Published on August 25, 2021

Home Runs For Life: Aurora Beard

Little girl in wheelchair playing baseball.

Aurora Beard was named for the Disney princess Aurora in the Sleeping Beauty story. It fits. She is a beauty.

There is another meaning for the name Aurora, which also fits. Aurora Beard is a natural light display, in spite of her physical challenges.

Aurora is an active 5-year-old who wheels herself around, plays Challenger League baseball and is gaining independence with the therapies available from Genesis Outpatient Pediatric Therapy (GOPEDS). 

Aurora was born at 7 pounds, a healthy weight, but soon it became apparent she was not developing on schedule and was not growing as expected.

“From the beginning she didn’t grow or progress physically,’’ explained Angela Beard, Aurora’s mother. “The diagnosis was ‘a failure to thrive.’’’

According to Johns Hopkins Hospital, Children are diagnosed with failure to thrive when their weight or rate of weight gain is significantly below that of other children of similar age and sex. Infants or children who fail to thrive may be dramatically smaller than other children the same age. 

Angela Beard was also told Aurora was hypotonic, which is a condition of abnormal muscle tone, stalling physical development.

“But why? We didn’t know. She could sit independently. She was losing skills she already had because she had no strength. She wasn’t progressing or growing,’’ Angela Beard explained. “Something else was happening.’’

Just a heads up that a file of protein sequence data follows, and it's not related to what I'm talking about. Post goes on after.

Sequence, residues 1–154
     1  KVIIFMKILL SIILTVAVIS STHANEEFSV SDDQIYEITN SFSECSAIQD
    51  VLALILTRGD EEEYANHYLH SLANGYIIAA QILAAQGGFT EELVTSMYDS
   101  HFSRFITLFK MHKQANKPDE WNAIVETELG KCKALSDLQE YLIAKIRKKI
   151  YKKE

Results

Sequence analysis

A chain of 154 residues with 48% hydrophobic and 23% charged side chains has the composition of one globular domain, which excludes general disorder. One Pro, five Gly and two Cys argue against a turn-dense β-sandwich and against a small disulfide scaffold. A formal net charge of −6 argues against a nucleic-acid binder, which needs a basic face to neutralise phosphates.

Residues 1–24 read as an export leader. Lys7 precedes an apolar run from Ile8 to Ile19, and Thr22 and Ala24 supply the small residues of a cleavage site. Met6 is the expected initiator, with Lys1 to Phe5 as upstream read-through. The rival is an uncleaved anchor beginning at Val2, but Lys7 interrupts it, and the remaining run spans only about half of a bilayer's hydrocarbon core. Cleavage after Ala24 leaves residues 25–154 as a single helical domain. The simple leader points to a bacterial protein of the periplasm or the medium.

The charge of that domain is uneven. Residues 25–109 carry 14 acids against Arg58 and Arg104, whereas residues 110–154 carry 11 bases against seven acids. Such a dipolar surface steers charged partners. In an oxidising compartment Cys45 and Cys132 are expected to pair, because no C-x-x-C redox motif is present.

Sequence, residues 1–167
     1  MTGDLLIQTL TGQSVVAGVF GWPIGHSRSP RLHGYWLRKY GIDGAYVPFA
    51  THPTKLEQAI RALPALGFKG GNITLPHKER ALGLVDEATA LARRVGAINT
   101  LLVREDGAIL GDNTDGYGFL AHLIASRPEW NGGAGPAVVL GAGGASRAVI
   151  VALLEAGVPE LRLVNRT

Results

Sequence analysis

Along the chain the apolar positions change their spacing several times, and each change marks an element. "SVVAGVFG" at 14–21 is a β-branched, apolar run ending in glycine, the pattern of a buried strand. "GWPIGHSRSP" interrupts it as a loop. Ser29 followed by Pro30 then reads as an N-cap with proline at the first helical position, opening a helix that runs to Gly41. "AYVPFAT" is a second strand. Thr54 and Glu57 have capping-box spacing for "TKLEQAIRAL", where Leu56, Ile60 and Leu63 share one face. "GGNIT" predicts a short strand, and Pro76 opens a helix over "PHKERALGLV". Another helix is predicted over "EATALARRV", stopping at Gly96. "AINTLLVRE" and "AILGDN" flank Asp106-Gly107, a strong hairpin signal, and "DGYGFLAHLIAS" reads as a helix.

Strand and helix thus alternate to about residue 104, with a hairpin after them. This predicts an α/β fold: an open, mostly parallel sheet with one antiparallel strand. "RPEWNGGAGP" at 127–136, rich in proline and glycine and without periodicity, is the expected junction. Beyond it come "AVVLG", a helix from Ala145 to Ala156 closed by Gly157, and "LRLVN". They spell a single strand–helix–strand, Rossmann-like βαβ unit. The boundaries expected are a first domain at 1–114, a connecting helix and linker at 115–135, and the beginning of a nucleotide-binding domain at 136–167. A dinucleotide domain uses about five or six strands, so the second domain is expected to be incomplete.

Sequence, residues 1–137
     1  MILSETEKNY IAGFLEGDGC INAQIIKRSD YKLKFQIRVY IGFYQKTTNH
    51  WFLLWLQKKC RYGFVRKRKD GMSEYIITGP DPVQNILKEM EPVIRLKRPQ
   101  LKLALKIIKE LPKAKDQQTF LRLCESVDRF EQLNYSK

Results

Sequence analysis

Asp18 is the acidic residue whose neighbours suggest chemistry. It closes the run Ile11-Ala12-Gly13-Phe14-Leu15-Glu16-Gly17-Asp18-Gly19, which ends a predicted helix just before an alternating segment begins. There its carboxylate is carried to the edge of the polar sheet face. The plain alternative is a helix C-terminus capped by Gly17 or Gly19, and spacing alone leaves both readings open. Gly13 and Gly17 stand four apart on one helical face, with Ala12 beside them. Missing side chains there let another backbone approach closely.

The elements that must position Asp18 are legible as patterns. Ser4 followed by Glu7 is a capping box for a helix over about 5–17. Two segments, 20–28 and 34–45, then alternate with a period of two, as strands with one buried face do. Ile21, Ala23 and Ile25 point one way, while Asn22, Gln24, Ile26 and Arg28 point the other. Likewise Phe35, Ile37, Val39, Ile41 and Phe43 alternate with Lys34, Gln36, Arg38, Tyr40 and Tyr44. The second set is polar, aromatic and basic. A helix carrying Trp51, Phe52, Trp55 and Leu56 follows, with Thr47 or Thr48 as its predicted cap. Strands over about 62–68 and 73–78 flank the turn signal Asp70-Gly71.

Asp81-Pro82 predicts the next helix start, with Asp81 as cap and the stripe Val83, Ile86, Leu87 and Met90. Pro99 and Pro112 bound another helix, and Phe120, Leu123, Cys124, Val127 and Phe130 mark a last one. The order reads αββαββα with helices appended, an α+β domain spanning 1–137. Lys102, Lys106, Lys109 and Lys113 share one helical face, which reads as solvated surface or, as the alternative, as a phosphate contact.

Spinal Muscular Atrophy

The “something else’’ was diagnosed as spinal muscular atrophy (SMA), a group of inherited conditions that damage nerve cells in the spinal cord. Over time the damage progresses and can affect swallowing, breathing, sitting and walking.

The Beards didn’t know they carried the gene that placed Aurora at higher risk for SMA.

There is typing of SMA. Angela Beard said Aurora is Type 2. Aurora may always need a wheelchair and over time could develop other physical challenges.

Making Progress at GOPEDS

At GOPEDS with her therapists, Aurora is that shining natural light. On a recent day she was totally engaged with physical activities and games directed by occupational therapist Ashley Devaney. Aurora crawled, rolled, sat up, scooted around to work on balance and worked on fine motor skills by playing games. She can pull herself into her wheelchair.

Aurora will have a year of pre-K, then will start kindergarten. In addition to gym workouts, she has sessions in the pool available at GOPEDS.

“She loves therapy and it has helped tremendously,’’ Angela Beard said. “She can sit up again. Her core strength is improving. She is back to where she was prior to the diagnosis.”

The Quad Cities River Bandits recognize Genesis therapy success stories with their Home Runs for Life celebrations. Aurora and her family will have their night at the ballpark on Aug. 27.

For more information about GOPEDS programs, go to To schedule an appointment, call (563) 421-3497.

Little girl being helped into wheelchair. Little being helped by physical therapist.

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